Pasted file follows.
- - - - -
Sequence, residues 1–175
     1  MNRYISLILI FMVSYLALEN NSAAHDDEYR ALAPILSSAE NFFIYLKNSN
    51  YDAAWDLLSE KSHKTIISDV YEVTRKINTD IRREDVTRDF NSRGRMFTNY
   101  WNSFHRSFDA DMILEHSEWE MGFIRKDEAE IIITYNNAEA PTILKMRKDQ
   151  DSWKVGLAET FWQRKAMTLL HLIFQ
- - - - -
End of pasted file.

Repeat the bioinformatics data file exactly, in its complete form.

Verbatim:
Sequence, residues 1–175
     1  MNRYISLILI FMVSYLALEN NSAAHDDEYR ALAPILSSAE NFFIYLKNSN
    51  YDAAWDLLSE KSHKTIISDV YEVTRKINTD IRREDVTRDF NSRGRMFTNY
   101  WNSFHRSFDA DMILEHSEWE MGFIRKDEAE IIITYNNAEA PTILKMRKDQ
   151  DSWKVGLAET FWQRKAMTLL HLIFQ